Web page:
October 18 – CNBC (John W. Schoen): “Voters worried that Congress and the White House can't tame federal borrowing may be overlooking another big debt bomb closer to home. States are falling further behind in the money they owe public employee pension funds, leaving taxpayers on the hook, according to… S&P Global Ratings… Despite recent stock market gains, state governments are not setting aside enough money to keep up with the rising liability of paying public worker pensions and other retirement benefits… In all but two states (Michigan and Alabama), the money set aside as a share of what's needed fell last year to an average ratio of 68%. That means states have funded just 68 cents for every dollar they owe in future payments.”

October 19 – Bloomberg (Yuji Nakamura and Lulu Yilun Chen): “Tezos, the startup which raised $232 million in a July initial coin offering, plunged on derivative exchanges after revealing a management spat and little progress in developing its product. Derivatives on Tezos tokens fell as much as 31%... On BitMEX, December futures on the tokens plunged 58% as traders unwound bets the project would be launched before the end of the year. The actual tokens have yet to be created. Founders Arthur and Kathleen Breitman said in a blog post… that recruitment had come to a standstill and little work has been done on their product: a better blockchain for digital currencies.”

China Bubble Watch:

October 18 – Wall Street Journal (Nathaniel Taplin): “Politicians are widely distrusted by citizens in most societies, but surprisingly often they say what they actually mean. On Wednesday, Chinese President Xi Jinping opened the nation’s twice-a-decade congress—where the leadership for the coming five years will be selected—with a robust and lengthy defense of the Communist Party’s role as captain of the economy, and a series of rote gestures toward further market-based economic reforms. Investors should take him at his word."

October 16 – Wall Street Journal (Lingling Wei): “As a new president, Xi Jinping promised to give markets more room in China’s economy. He even considered scrapping a hulking ministry supervising state-owned companies. Today, Mr. Xi has set aside such notions. In today’s China, state intervention attempts to engineer economic outcomes, ranging from raw-materials prices to the value of stocks and the currency. State-owned corporate giants are bulking up, with private capital funneled into them for support. The agency Mr. Xi toyed with dismantling is back in the driver’s seat. Going into his second term, Mr. Xi finds relying on markets too risky and state capitalism a better model. When the Chinese leadership talks of reform today it doesn’t mean economic liberalization as it did in, say, the era of Deng Xiaoping. It means fine-tuning a government-led model.”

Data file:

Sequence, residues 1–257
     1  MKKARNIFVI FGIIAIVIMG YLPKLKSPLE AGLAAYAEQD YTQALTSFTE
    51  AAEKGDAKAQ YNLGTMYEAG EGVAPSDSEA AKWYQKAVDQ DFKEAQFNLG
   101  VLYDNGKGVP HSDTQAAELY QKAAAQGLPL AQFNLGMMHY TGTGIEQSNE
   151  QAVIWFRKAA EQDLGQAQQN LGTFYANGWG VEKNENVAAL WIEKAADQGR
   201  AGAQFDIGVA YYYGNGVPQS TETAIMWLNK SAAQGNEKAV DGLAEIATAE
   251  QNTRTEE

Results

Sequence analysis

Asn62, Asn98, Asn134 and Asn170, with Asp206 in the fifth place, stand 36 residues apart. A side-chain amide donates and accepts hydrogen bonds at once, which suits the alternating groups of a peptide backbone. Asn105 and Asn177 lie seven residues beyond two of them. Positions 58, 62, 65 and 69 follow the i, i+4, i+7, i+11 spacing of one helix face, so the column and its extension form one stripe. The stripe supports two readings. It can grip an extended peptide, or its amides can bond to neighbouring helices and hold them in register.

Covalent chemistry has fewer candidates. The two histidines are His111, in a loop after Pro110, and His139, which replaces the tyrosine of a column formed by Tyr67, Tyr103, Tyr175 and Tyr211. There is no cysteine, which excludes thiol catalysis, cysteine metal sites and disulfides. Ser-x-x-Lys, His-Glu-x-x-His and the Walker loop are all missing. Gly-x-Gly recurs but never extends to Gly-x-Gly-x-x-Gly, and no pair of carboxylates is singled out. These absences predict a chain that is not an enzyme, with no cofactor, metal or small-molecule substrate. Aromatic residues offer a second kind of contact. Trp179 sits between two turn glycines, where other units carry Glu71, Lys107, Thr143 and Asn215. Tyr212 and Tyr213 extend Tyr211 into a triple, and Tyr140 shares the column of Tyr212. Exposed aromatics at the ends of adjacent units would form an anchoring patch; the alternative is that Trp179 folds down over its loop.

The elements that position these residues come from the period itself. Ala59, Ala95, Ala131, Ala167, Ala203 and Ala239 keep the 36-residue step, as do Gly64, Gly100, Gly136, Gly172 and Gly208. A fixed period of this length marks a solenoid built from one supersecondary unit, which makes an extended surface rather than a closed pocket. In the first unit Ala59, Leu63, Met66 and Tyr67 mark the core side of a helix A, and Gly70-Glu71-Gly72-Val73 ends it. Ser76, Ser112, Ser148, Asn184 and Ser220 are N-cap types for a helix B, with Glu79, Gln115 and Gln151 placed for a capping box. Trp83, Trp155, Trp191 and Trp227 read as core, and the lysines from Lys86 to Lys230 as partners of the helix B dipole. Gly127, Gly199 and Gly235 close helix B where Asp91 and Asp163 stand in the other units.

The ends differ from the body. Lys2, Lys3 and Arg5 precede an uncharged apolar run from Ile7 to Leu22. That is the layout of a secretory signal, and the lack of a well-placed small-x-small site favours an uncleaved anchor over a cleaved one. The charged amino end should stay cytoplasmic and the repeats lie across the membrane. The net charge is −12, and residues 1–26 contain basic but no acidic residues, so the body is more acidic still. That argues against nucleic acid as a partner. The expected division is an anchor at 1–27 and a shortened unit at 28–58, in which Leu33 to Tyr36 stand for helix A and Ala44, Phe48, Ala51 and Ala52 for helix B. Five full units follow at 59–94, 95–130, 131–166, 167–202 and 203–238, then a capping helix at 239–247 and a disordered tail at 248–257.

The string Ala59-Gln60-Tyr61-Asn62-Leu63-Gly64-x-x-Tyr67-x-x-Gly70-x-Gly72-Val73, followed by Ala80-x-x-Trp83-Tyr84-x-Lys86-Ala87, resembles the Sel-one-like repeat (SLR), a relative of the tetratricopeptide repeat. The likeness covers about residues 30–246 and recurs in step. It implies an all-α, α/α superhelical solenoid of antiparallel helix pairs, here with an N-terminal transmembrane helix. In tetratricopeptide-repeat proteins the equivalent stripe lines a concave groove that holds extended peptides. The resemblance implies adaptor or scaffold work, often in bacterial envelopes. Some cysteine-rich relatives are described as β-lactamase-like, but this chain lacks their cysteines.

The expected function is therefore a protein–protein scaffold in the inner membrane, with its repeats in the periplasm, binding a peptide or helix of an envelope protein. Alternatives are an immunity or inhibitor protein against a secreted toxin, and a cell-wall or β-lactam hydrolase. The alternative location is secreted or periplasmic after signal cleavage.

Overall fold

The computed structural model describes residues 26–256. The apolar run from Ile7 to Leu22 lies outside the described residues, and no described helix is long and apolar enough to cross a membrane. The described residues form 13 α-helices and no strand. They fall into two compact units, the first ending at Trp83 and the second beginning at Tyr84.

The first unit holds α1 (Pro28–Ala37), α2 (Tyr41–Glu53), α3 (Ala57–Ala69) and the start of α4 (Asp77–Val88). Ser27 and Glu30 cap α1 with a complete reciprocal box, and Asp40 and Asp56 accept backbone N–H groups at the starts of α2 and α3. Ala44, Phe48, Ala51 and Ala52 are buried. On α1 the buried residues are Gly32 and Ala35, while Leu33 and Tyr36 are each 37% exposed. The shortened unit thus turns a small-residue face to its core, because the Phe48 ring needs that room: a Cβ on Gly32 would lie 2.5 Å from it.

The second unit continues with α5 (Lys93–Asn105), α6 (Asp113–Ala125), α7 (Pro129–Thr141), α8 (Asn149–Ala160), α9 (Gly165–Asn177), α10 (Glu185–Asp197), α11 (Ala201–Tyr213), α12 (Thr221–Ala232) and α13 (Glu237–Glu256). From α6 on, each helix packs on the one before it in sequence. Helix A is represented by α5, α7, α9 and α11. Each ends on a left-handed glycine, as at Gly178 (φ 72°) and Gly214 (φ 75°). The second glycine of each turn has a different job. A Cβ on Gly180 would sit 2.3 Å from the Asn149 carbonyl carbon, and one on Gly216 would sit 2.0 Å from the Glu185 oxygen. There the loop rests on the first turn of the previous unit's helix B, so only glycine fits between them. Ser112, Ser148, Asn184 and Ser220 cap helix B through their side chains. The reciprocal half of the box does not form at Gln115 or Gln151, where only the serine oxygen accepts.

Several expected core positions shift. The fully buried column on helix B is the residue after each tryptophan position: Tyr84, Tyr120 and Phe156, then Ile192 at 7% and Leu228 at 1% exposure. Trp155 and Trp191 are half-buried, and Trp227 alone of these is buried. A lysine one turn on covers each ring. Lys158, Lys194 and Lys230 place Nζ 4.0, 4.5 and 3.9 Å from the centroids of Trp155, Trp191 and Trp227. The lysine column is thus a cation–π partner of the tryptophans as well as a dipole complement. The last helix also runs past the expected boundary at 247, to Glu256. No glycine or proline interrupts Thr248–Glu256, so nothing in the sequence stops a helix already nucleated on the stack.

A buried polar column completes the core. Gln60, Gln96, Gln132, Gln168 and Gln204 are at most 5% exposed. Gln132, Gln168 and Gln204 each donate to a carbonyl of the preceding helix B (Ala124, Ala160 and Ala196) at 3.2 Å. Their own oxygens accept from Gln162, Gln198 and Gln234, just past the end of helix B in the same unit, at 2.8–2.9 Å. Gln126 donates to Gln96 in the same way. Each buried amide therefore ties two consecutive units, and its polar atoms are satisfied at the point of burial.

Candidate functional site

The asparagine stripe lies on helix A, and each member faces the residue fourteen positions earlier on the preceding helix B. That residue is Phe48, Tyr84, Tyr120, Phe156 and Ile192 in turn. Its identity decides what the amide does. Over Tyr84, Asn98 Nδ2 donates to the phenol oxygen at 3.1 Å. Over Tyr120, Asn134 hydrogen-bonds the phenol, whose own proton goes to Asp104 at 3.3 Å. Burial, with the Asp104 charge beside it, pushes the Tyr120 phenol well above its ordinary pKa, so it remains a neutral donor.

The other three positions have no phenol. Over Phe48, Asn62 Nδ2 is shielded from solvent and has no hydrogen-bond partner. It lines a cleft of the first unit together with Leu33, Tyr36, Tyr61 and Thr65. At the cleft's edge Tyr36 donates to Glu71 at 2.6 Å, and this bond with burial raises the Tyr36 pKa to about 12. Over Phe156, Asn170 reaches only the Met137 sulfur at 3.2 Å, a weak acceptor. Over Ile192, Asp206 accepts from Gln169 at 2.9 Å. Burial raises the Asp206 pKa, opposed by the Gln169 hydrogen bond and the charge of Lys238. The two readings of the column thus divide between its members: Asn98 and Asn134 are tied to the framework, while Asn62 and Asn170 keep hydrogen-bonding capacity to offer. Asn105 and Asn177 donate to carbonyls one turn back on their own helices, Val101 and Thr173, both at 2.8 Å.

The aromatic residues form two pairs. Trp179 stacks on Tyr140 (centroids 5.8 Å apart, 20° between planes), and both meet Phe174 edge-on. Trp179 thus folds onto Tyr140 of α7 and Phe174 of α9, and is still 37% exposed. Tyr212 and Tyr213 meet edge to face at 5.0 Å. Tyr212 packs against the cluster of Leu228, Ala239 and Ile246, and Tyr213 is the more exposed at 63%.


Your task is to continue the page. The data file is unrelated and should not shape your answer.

October 17 – CNBC (Everett Rosenfeld): “Chinese President Xi Jinping… stressed the benefits of ‘socialism with Chinese characteristics’ at the beginning of the Communist Party's once-every-five-year Party Congress. The president told the assembled members of the party that his nation's prospects are bright, but it faces severe challenges. He proceeded to lay out his vision for a socialist future. ‘We will unite the Chinese people of all ethnic groups and lead them to a decisive victory in building a moderately prosperous society in all respects and in the drive to secure the success of socialism with Chinese characteristics for a new era,’ he said…”

October 15 – Reuters (Lusha Zhang and Kevin Yao): “Chinese banks extended more loans than expected in September, buoyed by demand from home buyers and companies, even as the government tightened the screws to wean the economy off its years-long addiction to cheap debt… Both bank lending and total social financing, a broad measure of credit and liquidity, look set to hit another record high this year… In September, banks extended 1.27 trillion yuan ($193.05bn) in net new yuan loans… Analysts polled by Reuters had predicted 1.1 trillion yuan, compared with August’s 1.09 trillion yuan… Total social financing (TSF), a broad measure of credit and liquidity in the economy, rose to 1.82 trillion yuan in September from 1.48 trillion yuan in August.”